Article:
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Guglielmo Vedovotto / Columbia Daily Spectator

SGA’s newly ratified constitution now outlines multiple new positions on the Representative Council, including the vice president for equity.

When Kim Samala, BC ’20, ran for Barnard’s Student Government Association, she was excited at the prospect of representing the student body in her role as vice president of communications. But now, after two semesters on SGA, Samala said she has faced significant challenges as the only person of color on the Executive Board on top of doing the work she was elected to do on a daily basis.

“Being the only woman of color on the Executive Board, being in close spaces when big decisions are being made for the campus, it’s hard not to feel like I have to represent my identities, even when I don’t want to,” Samala said. “Although this is one of the hardest things I’ve ever done as a student leader on campus, it’s a job that I can’t quit on. I feel passionate about making sure that we’re equitable, but I had my bylaws to follow, juggling so many things.”

Samala’s concerns were a significant factor in spurring changes to SGA’s newly ratified constitution, which now outlines multiple new positions on the Representative Council, including the vice president for equity. The position will focus on intra-SGA equity initiatives and will be trained by Barnard Student Life to be prepared to handle some of the difficult situations they may face while serving the role.

The SGA Representative Council consists of all class presidents and vice presidents, all heads of committees, members of the SGA Executive Board, and the representatives to the Board of Trustees.

The VP for Equity will also sit on the Barnard Council for Diversity, Equity, and Inclusion. The council was created in 2017 by Barnard President Sian Beilock, and consists of a board of students, faculty, and alumnae representatives—it primarily focuses on funding initiatives for inclusion on campus.

According to Samala, this position will lighten the load that currently rests on the shoulders of students of color to address questions of inclusion and equity within SGA. It reflects SGA’s goal to become more accessible to the student body and represent marginalized identities.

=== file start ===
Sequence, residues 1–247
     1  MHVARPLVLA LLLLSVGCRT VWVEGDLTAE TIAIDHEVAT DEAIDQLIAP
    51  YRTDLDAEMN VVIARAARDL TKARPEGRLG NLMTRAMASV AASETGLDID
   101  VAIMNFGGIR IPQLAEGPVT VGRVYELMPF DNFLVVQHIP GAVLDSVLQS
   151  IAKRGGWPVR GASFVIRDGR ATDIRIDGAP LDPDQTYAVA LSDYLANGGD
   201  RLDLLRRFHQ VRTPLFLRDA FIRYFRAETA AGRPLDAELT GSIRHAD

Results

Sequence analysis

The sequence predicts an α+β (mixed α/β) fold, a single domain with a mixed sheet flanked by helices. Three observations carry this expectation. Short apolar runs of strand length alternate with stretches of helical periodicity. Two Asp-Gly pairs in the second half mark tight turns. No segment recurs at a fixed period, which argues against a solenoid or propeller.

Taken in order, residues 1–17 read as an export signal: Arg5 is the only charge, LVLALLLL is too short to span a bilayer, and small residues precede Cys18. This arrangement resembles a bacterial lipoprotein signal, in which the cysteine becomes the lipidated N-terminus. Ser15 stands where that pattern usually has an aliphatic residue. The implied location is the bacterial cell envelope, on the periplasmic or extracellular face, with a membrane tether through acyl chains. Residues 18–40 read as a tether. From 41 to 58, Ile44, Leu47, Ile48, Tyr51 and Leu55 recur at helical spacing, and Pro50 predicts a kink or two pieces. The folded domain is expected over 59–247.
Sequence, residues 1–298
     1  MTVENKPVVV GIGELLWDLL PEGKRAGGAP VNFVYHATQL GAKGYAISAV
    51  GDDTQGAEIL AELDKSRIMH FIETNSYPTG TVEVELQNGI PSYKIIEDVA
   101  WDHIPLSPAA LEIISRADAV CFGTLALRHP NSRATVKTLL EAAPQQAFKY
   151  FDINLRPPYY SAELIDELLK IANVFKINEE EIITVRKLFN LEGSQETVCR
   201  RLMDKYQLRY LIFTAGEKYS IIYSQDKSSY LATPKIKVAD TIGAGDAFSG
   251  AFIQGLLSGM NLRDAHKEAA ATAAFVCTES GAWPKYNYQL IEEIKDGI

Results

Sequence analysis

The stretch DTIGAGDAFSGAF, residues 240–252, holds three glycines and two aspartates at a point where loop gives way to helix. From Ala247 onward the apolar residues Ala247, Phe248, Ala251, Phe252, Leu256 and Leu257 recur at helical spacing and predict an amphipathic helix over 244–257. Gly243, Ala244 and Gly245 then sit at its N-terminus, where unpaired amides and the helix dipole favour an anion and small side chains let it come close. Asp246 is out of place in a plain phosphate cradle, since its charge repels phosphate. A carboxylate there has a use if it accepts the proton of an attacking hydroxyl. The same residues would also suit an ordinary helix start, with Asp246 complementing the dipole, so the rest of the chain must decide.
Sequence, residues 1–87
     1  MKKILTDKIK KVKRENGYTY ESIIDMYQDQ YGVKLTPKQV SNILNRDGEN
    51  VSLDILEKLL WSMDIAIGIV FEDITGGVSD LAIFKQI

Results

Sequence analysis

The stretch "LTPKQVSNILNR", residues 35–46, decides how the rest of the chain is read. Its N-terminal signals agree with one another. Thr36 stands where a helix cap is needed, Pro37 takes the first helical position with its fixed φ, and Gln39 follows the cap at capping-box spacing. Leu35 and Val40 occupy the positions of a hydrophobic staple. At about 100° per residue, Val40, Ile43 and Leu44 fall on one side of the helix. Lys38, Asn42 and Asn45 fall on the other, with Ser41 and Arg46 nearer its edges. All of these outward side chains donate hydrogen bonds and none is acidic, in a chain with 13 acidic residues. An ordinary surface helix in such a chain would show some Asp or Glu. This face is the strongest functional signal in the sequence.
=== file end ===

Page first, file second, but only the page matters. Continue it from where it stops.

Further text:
“We’ve always had women of color, people of color on SGA, but there’s a point where I think it becomes a question of what they do once we’re there. … Having [a vice president for equity] will allow students of color or other students of marginalized identities to focus on what they signed up for,” Samala said.

Constitutional changes are made possible every three years and are decided upon by the Constitutional Review Committee. This year, the committee is led by Vice President for Policy Mia Lindheimer, BC ’19.

One major change is the official adoption of gender-neutral terminology, reflecting representatives’ desire to create more spaces for a wide range of gender identities within SGA.

“We’re here to represent our entire student body and our entire student body is not cis women,” Lindheimer said. “We’re here to serve the whole student body, and the whole student body should run to be on SGA or be on a committee. And if the SGA Constitution is telling anybody that they can’t be, that’s a serious issue.”

Another change, which was met with backlash from some representatives, was the removal of vice presidents of classes from the Representative Council, meaning that vice presidents will no longer be allowed to attend Monday night meetings or participate in voting for referenda and statements. Before this revision was made, both vice presidents and presidents of classes attended Monday night meetings along with the heads of other Representative Councils and the Executive Board.